Tuesday, November 22, 2011




By Wesley Pruden,  editor emeritus of The Washington Times.

Now it’s Newt’s week to be the new and improved temporary seasonally impermanent flavor for the Republican primary campaign. He’s entitled to his week in the front row. Republicans are big on taking turns, which is why they occasionally nominate sad-sacks like Gerald Ford, Bob Dole and John McCain.

It’s difficult to imagine Newt Gingrich actually carrying the Republican banner to war with Barack Obama. The two of them would expend enough unnatural gas to resolve the energy crisis. Newt’s rise in the polls, impressive in context but nothing like the arc of a meteor, suggests only that nobody is happy with the menu at the Republican soup kitchen.

Or anybody’s else’s. Two prominent Democratic has-beens suggested Thursday that Barack Obama abandon his attempt to win a second term and turn everything over to the nanny, Secretary of State Hillary Clinton.

Newt starts talking and neither he nor anybody else knows where his tongue will take us.

“He should abandon his candidacy for re-election in favor of a clear alternative, one capable not only of saving the Democratic Party,” write Patrick H. Caddell and Douglas Schoen in the Wall Street Journal, “but more important, of governing effectively and in a way that preserves the most important of the president’s accomplishments. He should step aside for the one candidate who would become, by acclamation, the nominee of the Democratic Party.”

This is not original silliness. A bunch of Democrats couldn’t decide by acclamation to go to the bathroom. Mr. Caddell was the chief pollster and seer for Jimmy Carter, after all, and he’s been riding this horse now for more than a year. It’s a version of the narrative we always get at this point in the presidential election cycle. We’re close to the end of the cafeteria line, and they’re out of roast beef and nobody’s happy about what’s left, the chicken and dumplings (mostly dough and not much chicken), or even worse, two kinds of fish (with lots of fish). So everybody dreams of sirloin steak.
There’s no institutional memory in the mainstream media; every tornado, every earthquake, every flood, drought and swarm of locusts is new, catastrophic and without precedent in the history of man. The pundits and political correspondents run out of everything but gas about this time, so it’s time to peddle the story that this time there’s no Snow White, only the dwarfs.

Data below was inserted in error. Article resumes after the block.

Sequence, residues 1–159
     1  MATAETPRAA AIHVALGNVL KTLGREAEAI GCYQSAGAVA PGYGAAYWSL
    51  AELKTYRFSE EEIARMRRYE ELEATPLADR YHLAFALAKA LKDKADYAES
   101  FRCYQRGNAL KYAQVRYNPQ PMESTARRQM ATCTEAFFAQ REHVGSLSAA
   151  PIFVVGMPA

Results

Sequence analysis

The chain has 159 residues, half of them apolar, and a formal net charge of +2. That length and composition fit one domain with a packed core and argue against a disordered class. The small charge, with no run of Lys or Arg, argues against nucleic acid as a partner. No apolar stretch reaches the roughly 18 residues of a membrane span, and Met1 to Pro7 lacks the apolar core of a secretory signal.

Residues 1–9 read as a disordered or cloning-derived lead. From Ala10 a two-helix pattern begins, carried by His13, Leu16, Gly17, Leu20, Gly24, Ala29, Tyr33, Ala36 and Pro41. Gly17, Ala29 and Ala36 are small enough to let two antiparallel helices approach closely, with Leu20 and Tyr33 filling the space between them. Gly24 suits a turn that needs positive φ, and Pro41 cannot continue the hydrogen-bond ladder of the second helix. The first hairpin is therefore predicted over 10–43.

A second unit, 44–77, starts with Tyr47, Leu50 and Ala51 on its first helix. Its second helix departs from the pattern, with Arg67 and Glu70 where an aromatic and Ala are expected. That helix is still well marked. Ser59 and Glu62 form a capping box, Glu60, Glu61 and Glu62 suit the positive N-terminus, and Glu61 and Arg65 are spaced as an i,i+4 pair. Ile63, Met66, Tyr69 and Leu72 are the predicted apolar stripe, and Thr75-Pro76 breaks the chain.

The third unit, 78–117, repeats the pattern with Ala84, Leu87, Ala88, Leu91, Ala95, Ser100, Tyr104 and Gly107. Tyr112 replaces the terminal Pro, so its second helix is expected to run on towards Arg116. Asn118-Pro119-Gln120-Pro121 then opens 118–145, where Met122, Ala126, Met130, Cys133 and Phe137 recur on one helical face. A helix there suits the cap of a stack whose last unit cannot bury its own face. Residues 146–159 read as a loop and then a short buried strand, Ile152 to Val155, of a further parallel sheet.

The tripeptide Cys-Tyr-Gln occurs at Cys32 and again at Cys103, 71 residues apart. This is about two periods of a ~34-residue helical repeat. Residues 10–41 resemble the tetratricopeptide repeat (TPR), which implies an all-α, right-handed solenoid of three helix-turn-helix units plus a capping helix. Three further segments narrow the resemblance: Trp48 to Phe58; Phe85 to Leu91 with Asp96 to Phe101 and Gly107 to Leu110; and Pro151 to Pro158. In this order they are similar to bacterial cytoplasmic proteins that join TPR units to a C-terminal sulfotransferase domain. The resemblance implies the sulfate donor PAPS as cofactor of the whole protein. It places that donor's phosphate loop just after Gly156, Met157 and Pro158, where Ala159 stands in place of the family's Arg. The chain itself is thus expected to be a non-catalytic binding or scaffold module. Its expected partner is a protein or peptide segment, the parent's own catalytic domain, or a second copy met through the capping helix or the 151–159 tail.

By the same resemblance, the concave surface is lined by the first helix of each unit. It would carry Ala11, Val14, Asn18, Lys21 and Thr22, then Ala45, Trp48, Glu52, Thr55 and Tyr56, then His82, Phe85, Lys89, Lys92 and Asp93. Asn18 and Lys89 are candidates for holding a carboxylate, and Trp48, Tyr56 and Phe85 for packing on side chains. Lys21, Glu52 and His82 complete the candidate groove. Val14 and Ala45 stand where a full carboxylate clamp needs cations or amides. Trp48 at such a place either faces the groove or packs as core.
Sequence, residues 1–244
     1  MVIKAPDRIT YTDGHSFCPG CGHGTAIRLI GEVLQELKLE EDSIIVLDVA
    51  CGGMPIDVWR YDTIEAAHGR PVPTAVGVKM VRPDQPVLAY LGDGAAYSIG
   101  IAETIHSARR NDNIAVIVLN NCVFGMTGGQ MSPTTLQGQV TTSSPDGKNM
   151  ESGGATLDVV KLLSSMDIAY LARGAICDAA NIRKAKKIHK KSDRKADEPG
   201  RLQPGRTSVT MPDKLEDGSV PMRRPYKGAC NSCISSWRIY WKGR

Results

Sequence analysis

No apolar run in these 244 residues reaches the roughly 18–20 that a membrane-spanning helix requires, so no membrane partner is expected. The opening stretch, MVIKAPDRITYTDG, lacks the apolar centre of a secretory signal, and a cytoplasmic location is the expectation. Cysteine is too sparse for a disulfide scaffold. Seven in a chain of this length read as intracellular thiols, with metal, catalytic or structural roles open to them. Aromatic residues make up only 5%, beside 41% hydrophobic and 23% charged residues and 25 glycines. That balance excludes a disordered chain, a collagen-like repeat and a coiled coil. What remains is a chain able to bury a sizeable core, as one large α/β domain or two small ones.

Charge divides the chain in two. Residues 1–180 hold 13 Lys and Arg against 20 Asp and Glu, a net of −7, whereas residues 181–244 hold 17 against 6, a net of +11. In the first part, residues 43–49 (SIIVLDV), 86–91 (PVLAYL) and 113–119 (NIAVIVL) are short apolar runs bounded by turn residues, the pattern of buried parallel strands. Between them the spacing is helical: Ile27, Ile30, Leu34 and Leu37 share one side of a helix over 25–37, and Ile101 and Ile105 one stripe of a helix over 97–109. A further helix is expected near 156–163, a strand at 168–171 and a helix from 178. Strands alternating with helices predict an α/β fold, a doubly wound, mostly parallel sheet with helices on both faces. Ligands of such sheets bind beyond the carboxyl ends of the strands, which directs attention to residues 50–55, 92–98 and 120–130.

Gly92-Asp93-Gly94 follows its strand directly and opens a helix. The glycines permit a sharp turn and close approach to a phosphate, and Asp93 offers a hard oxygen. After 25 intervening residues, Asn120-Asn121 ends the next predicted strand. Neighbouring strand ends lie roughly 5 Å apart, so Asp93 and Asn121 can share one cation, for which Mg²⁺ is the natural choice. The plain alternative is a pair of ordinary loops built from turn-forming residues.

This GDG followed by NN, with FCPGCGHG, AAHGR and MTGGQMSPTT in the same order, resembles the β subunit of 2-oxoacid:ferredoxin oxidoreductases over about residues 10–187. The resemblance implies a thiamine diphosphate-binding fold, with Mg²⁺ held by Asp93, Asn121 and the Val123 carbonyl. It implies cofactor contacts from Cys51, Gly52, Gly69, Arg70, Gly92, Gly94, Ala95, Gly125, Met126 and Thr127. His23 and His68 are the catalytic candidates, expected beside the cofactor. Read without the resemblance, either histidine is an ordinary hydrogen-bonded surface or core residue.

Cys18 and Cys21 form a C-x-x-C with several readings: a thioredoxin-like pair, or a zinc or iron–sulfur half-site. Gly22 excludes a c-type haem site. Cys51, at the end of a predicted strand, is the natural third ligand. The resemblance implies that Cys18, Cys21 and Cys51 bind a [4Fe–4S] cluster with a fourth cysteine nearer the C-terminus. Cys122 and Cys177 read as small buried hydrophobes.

The story is writ large in this Republican campaign, where a succession of men have ridden in on white horses—Rick Perry, Herman Cain and now Newt Gingrich—to save us from the bland and boring villain Mitt Romney. Each of them looked good until someone looked closely, and then it was time to find someone, anyone, else. Newt, the perfesser with an inexhaustible vocabulary who drowns his message in a tidal wave of blah blah, will have, if precedent holds, at most three weeks at the top.

The flavor will be gone by Christmas. Newt carries enough baggage to require about three weeks to sort through the baggage again—his failed marriages, his messy divorces, his sweetheart lobbying contracts, his misalliances with Hillary Clinton on health care and Nancy Pelosi on global warming.
Newt’s problem is his mouth. He starts talking and neither he nor anybody else knows where his tongue will take us, whether it’s to a rich little nugget of Civil War history or a poetic riff on women’s beach volleyball as metaphor for American exceptionalism. Newt, like Hubert Humphrey, is a jabberwonky. This may explain how he got into his serial marriages. But could he be trusted with national-security secrets? Might he start talking at a summit and give them away without thinking? He could be our first president without a security clearance.

Newt’s gift for harsh bloviation appeals to the ruffian who lurks deep in the American soul. When he calls the chairman of the Federal Reserve “corrupt,” scorns Barack Obama as the “food stamp president” and says if we start putting people in jail we should “start with Barney Frank and Chris Dodd,” thousands cheer. No president talks that way but that’s the way most of us think.
But here’s what will happen. The Republicans will nominate a candidate (the betting here is that it will be Mitt Romney, boring and bland nothwithstanding). The Democrats and Mr. Obama will proceed with their best shot, a campaign of unrelenting class warfare. Both sides will get behind their man, as they always do. Next November 9 we’ll wake up stuffed with all that sirloin, and with a newly elected president.
Wesley Pruden is editor emeritus of The Washington Times.

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